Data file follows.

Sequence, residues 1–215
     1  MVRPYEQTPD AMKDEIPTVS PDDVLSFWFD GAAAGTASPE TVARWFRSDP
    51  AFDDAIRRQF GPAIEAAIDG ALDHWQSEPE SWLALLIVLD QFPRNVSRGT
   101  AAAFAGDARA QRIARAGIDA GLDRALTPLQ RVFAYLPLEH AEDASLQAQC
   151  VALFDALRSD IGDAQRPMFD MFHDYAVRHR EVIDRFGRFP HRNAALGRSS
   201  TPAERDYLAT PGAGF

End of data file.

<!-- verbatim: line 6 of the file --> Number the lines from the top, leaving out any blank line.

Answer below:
   201  TPAERDYLAT PGAGF